steak cooking on a grillIt’s barbecue season again in South Carolina, and that means meat, especially lots of delicious pulled pork. If you’re one of those people who loves barbecue every day of the week (and twice on Sunday), you’ll probably be happy to hear that eating more meat might control the growth of biofilms that lead to cavities and gum disease.

But don’t take this as an excuse to become completely carnivorous! The research is still preliminary, and we don’t know how big the impact is just yet.

A Protein That Restricts Bacterial Growth

Gum disease and tooth decay are caused by oral bacteria. These bacteria feed on the foods you eat, especially simple sugars and other carbohydrates. As these bacteria grow, they link together in colonies called biofilms where they’re protected by a protein blanket that isolates them from your saliva, which can kill them.

But now research suggests that the amino acid L-arginine, which is commonly found in meats and dairy foods, can inhibit bacterial growth. Researchers put developed biofilms in saliva that either did or did not include L-arginine. They found that 100 times more bacteria grew in the saliva that didn’t have L-arginine.

Even more importantly, they found that the type of bacteria that is most associated with serious gum disease, Gram-negative bacteria, was found in smaller numbers in the presence of L-arginine.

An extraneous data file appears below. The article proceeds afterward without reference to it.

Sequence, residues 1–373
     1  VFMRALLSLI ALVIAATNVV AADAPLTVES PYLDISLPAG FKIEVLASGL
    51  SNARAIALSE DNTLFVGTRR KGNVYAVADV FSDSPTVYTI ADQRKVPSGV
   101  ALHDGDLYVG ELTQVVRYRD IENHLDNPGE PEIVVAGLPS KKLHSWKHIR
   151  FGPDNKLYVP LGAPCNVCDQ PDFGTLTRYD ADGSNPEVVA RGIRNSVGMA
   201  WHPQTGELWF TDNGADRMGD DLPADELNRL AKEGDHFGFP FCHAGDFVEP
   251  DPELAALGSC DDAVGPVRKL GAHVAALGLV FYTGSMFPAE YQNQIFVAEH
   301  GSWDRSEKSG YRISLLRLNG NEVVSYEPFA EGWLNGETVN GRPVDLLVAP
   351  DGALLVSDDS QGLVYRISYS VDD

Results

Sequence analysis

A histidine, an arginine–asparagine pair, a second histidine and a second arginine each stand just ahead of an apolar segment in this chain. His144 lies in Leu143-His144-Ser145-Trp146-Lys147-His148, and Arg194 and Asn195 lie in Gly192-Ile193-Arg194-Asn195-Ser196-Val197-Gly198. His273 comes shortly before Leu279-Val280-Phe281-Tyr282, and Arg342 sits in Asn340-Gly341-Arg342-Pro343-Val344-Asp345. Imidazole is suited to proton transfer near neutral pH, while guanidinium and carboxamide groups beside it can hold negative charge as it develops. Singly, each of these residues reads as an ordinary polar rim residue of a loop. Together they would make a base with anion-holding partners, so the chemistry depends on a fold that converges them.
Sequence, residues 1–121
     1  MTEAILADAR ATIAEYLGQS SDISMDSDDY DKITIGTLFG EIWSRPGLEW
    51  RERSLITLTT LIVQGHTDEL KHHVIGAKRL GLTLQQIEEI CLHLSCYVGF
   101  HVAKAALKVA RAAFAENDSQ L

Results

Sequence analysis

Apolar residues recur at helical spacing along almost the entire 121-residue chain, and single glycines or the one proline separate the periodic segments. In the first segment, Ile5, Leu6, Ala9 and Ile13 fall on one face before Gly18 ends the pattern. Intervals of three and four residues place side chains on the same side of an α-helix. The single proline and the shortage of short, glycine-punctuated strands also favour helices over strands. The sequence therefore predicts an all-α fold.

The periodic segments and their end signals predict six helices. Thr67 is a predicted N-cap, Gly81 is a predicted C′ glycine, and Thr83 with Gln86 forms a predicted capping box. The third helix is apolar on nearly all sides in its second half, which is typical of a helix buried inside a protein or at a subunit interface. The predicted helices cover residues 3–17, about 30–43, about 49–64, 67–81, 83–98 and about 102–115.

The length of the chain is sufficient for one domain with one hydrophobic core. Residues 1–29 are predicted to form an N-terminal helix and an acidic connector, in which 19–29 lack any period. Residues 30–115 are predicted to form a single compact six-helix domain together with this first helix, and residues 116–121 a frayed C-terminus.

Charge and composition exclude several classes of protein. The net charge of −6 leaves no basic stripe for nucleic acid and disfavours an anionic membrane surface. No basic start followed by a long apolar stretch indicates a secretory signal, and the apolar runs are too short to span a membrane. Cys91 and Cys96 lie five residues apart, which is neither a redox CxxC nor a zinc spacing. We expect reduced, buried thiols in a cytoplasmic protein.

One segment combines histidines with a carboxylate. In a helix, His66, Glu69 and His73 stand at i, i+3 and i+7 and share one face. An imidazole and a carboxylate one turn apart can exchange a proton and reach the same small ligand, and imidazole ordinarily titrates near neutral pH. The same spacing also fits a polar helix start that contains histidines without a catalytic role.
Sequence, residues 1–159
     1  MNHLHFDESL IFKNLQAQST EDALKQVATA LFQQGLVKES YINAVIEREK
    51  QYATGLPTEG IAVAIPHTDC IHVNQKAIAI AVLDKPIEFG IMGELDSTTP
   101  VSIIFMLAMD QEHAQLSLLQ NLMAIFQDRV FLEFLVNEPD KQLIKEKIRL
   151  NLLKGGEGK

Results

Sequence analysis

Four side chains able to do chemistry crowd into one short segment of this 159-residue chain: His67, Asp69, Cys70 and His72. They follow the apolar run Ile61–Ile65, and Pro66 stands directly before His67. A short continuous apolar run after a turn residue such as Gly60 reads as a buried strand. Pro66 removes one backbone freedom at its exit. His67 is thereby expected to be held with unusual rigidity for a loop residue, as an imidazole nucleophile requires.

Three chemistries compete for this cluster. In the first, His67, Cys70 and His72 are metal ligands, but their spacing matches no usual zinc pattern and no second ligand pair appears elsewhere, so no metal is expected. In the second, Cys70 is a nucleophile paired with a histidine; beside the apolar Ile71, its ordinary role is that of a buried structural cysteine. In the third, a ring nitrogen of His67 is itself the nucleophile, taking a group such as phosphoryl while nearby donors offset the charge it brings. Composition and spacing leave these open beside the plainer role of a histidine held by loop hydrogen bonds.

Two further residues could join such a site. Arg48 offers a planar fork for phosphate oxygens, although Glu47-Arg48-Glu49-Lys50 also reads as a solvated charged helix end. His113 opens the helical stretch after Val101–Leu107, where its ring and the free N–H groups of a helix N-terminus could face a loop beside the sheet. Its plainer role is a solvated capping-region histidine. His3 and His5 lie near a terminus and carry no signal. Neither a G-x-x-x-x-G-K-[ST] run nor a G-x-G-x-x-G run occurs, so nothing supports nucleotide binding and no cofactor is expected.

Not Quite Real-World Conditions

The good thing about this study is that it used a multispecies biofilm for its study. Many studies use just one species of bacteria to test their conditions.

However, there are still reservations about this study, which isn’t actually testing how a meat-heavy diet impacts your oral health. But it is intriguing, and it might help explain why cavemen had fewer cavities.

In the past, studies which showed vegans had more tooth decay blamed the association on the fact that most toothpastes aren’t considered vegan, so people weren’t protecting their teeth with proper preventive care. But maybe there is something in eating meat that may help keep our teeth and gums healthy. At any rate, that’ll be our story next time you see us with a plate heaped high with pulled pork.

If you would like to learn more about protecting your teeth from decay or if you need restorative dentistry in Columbia, SC, please call (803) 781-9090 for an appointment with a dentist at Smile Columbia Dentistry.